“Georgina” is a short documentary directed by Sandra Veneklaas that seeks to challenge your preconceptions of those working in the adult entertainment industry. In this captivating eleven minute short film, screening July 11th at the Melbourne Documentary Film Festival, audiences are introduced to ‘Georgina,’ an exotic dancer, who shares the story of how she became involved in the adult industry and reveals how for her stripping is about something much more meaningful than surface level sexuality.

Veneklaas, who recently moved to the Netherlands where she was born after living in Australia for most of her life, was introduced to Georgina through a friend while trying to decide on a subject for her graduating film project at Victorian College of the Arts.

While individuals working in the nightlife or sex industry are often stigmatized by their professions, Veneklaas’ intimate portrait of Georgina highlights just how wrong these preconceived ideas we carry usually are.

Documentary Drive interviewed Veneklaas recently who generously shared insight into her motivations behind the film.

Documentary Drive: Can you tell me a little about your background and what inspired you to get into documentary filmmaking?

Veneklaas: I did a Bachelors in Communication Studies in Perth, and in the two units of film they offered I found that I really enjoyed filmmaking! When I finished that course, I applied (and got in) to the VCA where I just completed a Masters in Documentary Film last year. I had always loved documentaries, and with a quarter life crisis setting in, I thought that, existentially, making documentaries would be my most valuable contribution to the world.

Documentary Drive: While attending classes at VCA, what was one of the most important aspects of filmmaking you learned that you were able to apply during production of this film?

Veneklaas: Not so much a technical skill picked up in class, but more of a general life lesson I learned along the way: I learned to go with the flow a bit more. In my first year I had the tendency to get a bit too carried away and stressed about minor things, so in the second year I made an effort to relax with it a bit – and it really paid off! I think for the slow style of documentaries that I want to make, this approach will continue to be important for my films.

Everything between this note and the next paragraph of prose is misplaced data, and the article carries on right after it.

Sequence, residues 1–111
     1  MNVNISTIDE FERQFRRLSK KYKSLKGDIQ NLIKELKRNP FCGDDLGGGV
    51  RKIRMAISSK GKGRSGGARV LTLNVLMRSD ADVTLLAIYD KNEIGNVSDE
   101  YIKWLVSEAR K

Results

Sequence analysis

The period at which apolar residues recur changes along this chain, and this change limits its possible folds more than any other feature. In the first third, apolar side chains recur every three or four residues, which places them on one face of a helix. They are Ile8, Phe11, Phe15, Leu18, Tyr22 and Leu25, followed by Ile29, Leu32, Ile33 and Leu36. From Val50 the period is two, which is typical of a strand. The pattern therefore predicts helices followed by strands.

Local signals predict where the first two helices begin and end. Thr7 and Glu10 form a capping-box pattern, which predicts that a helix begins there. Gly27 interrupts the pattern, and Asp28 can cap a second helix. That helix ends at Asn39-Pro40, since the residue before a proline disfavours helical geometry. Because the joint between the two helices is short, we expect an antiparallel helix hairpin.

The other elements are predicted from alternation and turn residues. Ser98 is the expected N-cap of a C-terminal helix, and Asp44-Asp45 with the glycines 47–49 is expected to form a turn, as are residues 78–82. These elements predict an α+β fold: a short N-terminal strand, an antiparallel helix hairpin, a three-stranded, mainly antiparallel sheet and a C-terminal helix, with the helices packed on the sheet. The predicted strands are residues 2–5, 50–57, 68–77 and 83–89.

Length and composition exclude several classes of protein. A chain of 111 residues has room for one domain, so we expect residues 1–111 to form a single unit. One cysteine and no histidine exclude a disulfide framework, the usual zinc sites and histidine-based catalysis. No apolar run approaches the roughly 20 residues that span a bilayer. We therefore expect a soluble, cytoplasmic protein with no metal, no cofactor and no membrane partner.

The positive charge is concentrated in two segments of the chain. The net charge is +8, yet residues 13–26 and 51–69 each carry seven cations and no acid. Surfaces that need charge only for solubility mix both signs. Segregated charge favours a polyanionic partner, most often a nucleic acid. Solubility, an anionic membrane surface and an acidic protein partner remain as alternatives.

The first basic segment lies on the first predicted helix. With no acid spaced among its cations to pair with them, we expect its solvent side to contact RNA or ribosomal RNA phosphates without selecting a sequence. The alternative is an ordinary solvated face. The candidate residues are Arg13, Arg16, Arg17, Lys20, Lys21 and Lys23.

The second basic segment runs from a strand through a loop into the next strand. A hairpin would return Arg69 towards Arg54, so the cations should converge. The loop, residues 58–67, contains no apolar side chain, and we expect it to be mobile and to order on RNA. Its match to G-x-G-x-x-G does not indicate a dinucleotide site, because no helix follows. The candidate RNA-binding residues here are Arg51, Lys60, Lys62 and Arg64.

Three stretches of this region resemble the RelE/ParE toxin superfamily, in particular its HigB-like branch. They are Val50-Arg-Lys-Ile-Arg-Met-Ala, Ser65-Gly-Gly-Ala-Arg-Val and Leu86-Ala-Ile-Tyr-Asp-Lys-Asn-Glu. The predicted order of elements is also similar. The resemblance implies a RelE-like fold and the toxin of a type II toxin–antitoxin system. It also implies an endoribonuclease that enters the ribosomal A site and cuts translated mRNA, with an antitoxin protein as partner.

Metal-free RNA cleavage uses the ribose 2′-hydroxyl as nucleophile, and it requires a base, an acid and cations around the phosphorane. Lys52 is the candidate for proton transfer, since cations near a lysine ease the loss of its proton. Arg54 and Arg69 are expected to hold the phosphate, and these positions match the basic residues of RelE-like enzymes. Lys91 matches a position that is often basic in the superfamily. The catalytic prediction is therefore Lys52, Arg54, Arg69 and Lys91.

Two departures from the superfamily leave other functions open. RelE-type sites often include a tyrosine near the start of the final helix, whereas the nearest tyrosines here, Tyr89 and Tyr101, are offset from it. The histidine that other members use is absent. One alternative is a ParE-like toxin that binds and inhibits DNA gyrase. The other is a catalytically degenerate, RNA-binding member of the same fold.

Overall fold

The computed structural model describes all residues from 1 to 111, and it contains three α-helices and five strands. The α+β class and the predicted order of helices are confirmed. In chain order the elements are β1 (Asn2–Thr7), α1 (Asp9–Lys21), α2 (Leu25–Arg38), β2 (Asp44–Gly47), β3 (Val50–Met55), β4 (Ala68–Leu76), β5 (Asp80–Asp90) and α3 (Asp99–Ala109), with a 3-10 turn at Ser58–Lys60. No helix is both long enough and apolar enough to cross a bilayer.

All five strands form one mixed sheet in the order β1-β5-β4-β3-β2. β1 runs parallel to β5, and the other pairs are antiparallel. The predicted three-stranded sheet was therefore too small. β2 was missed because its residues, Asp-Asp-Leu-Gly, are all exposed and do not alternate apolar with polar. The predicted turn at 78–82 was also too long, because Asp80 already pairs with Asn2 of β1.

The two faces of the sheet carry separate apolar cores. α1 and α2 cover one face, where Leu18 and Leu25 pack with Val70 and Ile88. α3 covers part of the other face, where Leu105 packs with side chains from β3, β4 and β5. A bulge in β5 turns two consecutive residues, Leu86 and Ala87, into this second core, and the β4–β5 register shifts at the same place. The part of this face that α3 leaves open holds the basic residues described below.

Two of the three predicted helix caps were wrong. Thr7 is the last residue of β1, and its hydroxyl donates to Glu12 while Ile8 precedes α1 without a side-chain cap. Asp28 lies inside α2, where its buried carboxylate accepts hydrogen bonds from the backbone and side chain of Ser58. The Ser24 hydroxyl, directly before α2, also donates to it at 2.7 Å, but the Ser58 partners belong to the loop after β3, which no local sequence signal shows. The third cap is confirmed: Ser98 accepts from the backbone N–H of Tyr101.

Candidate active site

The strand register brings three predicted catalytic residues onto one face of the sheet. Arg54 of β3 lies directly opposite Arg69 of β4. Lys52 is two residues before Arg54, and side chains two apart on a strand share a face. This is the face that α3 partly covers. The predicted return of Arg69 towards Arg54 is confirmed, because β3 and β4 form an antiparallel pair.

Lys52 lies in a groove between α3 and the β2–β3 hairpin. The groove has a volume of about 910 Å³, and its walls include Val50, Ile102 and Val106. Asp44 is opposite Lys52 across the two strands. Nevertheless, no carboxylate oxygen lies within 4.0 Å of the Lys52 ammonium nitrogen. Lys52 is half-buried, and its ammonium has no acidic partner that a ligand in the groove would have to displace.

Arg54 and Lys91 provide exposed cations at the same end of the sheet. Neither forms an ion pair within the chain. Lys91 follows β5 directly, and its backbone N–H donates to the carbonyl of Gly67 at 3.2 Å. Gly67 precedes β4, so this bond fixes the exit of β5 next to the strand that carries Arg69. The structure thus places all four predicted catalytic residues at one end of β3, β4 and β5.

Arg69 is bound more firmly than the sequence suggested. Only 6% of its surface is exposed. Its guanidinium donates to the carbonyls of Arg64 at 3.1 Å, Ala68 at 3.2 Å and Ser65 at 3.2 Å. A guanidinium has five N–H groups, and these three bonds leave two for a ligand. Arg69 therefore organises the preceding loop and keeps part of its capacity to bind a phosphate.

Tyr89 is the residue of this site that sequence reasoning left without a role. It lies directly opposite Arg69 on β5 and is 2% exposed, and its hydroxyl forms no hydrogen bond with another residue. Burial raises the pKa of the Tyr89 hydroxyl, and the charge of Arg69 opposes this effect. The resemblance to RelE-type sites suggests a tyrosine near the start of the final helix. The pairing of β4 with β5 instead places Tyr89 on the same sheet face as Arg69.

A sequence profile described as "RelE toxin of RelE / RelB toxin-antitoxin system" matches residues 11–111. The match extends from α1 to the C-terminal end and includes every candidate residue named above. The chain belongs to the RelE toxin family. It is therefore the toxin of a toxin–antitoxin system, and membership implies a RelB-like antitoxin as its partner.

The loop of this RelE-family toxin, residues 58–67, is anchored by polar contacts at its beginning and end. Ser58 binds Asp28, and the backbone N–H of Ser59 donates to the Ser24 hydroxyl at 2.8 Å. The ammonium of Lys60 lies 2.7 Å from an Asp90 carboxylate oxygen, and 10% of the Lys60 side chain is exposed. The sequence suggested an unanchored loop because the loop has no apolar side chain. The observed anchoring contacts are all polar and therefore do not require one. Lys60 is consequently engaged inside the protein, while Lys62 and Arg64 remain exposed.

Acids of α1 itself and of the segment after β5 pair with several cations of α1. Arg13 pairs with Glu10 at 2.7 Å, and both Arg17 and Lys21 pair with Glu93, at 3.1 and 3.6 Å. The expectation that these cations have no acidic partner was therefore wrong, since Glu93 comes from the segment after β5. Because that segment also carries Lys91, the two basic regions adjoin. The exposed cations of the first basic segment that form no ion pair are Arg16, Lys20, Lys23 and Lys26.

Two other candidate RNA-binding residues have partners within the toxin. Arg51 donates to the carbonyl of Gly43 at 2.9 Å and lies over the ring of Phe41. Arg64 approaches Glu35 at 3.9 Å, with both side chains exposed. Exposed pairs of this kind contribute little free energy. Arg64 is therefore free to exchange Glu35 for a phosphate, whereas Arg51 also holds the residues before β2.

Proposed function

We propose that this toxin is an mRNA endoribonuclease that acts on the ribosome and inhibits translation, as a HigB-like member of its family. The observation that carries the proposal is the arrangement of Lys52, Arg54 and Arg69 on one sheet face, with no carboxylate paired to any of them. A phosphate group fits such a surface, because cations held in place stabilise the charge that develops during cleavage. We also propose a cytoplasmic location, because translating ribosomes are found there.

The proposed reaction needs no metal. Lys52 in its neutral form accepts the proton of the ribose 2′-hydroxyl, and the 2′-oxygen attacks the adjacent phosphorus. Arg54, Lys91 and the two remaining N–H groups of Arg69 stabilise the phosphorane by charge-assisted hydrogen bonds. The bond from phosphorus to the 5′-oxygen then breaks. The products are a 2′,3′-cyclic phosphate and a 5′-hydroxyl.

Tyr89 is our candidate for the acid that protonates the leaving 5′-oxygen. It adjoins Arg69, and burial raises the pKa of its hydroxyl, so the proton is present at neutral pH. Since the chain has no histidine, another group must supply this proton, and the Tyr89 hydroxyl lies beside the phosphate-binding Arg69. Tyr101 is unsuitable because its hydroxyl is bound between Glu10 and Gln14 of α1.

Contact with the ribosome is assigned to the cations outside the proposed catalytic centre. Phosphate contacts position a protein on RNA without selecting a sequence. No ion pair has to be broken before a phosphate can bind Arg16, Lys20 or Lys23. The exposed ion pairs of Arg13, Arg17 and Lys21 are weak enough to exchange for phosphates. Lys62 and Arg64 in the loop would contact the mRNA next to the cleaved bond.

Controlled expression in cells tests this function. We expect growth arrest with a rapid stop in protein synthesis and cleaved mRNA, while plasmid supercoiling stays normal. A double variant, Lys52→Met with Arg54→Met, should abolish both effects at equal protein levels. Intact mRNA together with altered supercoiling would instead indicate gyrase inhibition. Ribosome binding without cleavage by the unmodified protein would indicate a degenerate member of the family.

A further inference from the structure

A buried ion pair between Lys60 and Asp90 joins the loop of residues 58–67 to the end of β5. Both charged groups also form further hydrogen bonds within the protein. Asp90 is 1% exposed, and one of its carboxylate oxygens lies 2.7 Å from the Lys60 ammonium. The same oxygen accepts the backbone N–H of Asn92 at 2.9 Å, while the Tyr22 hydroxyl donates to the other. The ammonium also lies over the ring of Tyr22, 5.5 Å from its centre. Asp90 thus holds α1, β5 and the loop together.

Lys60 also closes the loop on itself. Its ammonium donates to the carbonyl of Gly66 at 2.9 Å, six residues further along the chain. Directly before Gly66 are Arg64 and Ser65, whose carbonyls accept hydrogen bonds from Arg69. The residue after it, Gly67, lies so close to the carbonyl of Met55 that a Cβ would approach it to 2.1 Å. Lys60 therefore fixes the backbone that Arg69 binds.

Documentary Drive: What sort of pre-production activities did you do before you began shooting?

Veneklaas: My approach was primarily to spend a lot of time with Georgina, really getting to know her. I visited her in the strip club once or twice to get a vibe of the place and an idea of her routine, and we also jammed out some of the contemporary dance stuff for the forest scene before shooting. Otherwise we just hung out a lot and became very good friends. It was a very collaborative process the whole way through.

Georgina at work (Photo Credit: Sandra Veneklaas)

It was only in the week or two before filming that we really sat down and decided what we wanted to include in the film, specifically.

I left the forest choreography to her to prepare, and the club choreography was improvised on the day (as she does on a day-to-day basis at work).

I knew the basic visuals that I was after, and the general themes that I wanted to cover, but we decided on the nitty-gritty together, which I think worked out really well.

Documentary Drive: How long did it take to make the film?

Veneklaas: It was my second year graduating film so technically the whole university calendar year of 2015, but “official” preproduction was minimal, sporadic, and hard to quantify; we shot in 3 days and I was allowed 2 weeks to edit it.

Documentary Drive: Did any issues or challenges arise that surprised you?

(Photo Credit: Sandra Veneklaas)